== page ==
MYRTLE BEACH, S.C. — The history book will close on Myrtle Beach Speedway Saturday night and SPEED SPORT TV will be there to cover it all.
As part of a partnership announced with NASCAR on Wednesday, the SPEED SPORT Network will distribute select NASCAR Advance Auto Parts Weekly Series events this year. Saturday’s finale at Myrtle Beach Speedway is the first such event and will be available on the SPEED SPORT Network and on TrackPass on NBC Sports Gold as part of the partnership.
Myrtle Beach Speedway is closing after Saturday’s race, with plans already in place to bulldoze the track to make way for the development of offices and townhomes on the property.
The Sun Fun 101 at Myrtle Beach Speedway will be broadcast live on Saturday, Aug. 15 at 6:45 p.m. ET. Pit Row TV, a SPEED SPORT Network affiliate, will oversee the production of the broadcast. Veteran announcer Lenny Batycki will lead the coverage and Derek Pernesiglio will serve as the pit road reporter, with additional talent to be announced later.
Myrtle Beach Speedway opened as a half-mile dirt oval in 1954 and over the years took on many different configurations — both dirt and asphalt. The track, currently a half-mile paved oval, has played host to some of stock car racing’s top stars over the years.
In the late 1950s and early 1960s, Myrtle Beach Speedway, which was known for a time as Rambi Raceway, hosted the NASCAR Cup Series. The first Cup Series race at the track was won by Bob Welborn in 1958, with Ned Jarrett, Buck Baker, Joe Weatherly, Jack Smith, David Pearson and Dick Hutcherson all claiming Cup Series victories when the track was still a dirt surface.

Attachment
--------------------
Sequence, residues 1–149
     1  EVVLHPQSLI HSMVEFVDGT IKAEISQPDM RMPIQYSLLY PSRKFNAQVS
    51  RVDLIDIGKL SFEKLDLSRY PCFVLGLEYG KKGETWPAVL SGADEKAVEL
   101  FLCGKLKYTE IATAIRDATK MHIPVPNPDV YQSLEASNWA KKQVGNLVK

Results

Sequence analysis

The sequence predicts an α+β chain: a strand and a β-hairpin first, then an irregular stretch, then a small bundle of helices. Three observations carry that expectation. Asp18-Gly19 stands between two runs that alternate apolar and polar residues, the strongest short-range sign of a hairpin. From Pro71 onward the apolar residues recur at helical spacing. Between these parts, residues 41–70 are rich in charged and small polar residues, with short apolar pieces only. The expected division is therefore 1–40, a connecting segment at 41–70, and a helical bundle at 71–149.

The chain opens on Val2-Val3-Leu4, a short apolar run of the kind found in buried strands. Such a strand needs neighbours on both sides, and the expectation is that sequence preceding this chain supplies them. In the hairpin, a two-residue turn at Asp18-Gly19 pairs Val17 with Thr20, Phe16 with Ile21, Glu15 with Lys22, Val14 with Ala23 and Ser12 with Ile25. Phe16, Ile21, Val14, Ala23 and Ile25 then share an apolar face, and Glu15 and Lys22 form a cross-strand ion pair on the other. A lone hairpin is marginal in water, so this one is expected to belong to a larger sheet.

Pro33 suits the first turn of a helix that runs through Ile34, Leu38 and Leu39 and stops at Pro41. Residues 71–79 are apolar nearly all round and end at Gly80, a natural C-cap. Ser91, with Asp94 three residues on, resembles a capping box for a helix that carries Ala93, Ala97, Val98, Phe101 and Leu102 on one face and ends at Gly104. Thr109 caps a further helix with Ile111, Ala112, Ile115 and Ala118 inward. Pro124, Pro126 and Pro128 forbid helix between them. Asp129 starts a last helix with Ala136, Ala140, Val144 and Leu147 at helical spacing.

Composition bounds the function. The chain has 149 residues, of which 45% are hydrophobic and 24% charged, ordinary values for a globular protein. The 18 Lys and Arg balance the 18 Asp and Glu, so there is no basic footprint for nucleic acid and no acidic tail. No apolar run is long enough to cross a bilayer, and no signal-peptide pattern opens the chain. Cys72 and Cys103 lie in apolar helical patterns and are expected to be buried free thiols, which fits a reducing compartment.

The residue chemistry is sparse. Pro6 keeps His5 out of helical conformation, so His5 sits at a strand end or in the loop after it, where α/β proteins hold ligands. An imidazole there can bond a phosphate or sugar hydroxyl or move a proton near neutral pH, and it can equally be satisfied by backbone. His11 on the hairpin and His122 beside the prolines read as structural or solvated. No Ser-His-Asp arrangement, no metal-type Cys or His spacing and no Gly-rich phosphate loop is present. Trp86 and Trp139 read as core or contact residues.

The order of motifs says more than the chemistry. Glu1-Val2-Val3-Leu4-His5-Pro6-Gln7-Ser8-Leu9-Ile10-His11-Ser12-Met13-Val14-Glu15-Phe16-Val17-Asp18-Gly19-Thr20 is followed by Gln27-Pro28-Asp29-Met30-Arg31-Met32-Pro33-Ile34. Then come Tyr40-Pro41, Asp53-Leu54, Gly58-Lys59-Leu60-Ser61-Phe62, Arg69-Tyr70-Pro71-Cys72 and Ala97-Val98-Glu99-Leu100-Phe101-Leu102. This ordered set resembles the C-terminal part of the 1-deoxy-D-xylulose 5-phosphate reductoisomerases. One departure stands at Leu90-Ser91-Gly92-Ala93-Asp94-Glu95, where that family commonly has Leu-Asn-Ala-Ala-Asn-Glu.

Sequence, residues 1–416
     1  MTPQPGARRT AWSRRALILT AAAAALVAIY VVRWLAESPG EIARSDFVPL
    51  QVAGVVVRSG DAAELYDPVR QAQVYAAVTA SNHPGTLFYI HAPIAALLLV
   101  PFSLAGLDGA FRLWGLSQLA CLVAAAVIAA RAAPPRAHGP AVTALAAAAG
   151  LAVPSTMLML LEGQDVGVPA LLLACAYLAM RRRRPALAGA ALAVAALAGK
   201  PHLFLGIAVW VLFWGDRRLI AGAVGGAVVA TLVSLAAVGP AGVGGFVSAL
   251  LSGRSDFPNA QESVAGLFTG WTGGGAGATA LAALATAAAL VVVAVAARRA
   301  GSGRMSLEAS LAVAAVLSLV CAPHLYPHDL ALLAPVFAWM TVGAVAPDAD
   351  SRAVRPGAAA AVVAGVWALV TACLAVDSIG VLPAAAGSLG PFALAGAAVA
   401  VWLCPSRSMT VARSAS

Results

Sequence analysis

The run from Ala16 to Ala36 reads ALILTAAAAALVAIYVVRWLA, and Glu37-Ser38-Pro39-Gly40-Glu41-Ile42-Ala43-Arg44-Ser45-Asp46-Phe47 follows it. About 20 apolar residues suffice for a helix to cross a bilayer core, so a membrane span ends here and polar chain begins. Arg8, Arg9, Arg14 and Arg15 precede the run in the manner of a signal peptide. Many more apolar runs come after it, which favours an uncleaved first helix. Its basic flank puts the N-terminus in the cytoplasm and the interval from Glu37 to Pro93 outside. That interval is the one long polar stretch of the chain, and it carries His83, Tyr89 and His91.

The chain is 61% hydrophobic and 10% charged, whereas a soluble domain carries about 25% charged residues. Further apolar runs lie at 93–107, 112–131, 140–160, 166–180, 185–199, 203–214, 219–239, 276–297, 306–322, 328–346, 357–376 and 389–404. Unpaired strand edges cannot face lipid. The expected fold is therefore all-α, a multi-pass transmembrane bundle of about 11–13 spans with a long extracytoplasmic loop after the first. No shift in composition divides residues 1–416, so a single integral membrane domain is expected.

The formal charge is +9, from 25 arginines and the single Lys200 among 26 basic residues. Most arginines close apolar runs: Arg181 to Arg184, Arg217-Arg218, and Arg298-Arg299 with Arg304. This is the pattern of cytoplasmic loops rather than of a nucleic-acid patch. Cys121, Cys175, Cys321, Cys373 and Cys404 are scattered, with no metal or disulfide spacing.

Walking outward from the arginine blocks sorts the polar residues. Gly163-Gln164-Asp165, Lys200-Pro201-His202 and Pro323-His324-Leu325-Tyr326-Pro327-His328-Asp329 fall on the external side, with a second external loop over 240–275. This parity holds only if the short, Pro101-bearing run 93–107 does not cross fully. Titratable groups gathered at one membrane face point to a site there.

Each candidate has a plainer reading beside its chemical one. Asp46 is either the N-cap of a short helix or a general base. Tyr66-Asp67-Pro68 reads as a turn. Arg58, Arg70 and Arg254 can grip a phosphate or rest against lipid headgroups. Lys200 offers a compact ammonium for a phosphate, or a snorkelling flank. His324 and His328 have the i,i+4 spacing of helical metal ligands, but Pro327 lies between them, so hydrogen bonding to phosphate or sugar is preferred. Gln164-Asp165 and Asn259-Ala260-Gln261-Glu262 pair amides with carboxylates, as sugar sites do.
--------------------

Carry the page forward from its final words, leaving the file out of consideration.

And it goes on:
Richard Petty, Cale Yarborough, LeeRoy Yarbrough, Wendell Scott, Buddy Baker, Bobby Isaac, Junior Johnson, Fireball Roberts, Rex White, Lee Petty, Cotton Owens, Speedy Thompson and Bud Moore are among the NASCAR legends who raced at the track during its early years.
The NASCAR Xfinity Series, then known as the NASCAR Busch Series, competed at Myrtle Beach Speedway from 1988 until 2000.
A number of NASCAR’s rising stars raced at Myrtle Beach during that time period, including Dale Earnhardt Jr., who started his career at Myrtle Beach Speedway in 1993. He made his first start in the NASCAR Xfinity Series at Myrtle Beach in 1996, finishing 14th. His father, Dale Earnhardt, also competed in a NASCAR Xfinity Series event at Myrtle Beach in 1988.
Others to race in Xfinity Series competition at Myrtle Beach included Davey Allison, Jeff Burton, Harry Gant, Kevin Harvick, Dale Jarrett, Jimmie Johnson, Matt Kenseth, Bobby Labonte, Mark Martin and Tony Stewart.
While NASCAR’s national divisions haven’t returned to Myrtle Beach Speedway since 2000, the track has continued to host weekly racing. Local and regional competitors continued to venture to Myrtle Beach for major events, including the Myrtle Beach 400 every November.
The story of Myrtle Beach Speedway is set to end with Saturday’s Sun Fun 101. Late models, chargers, super trucks, the Carolina Mini Stock Challenge and Coastal Carolina Mini Cups will all be on the card, with high car counts expected for the track’s final race.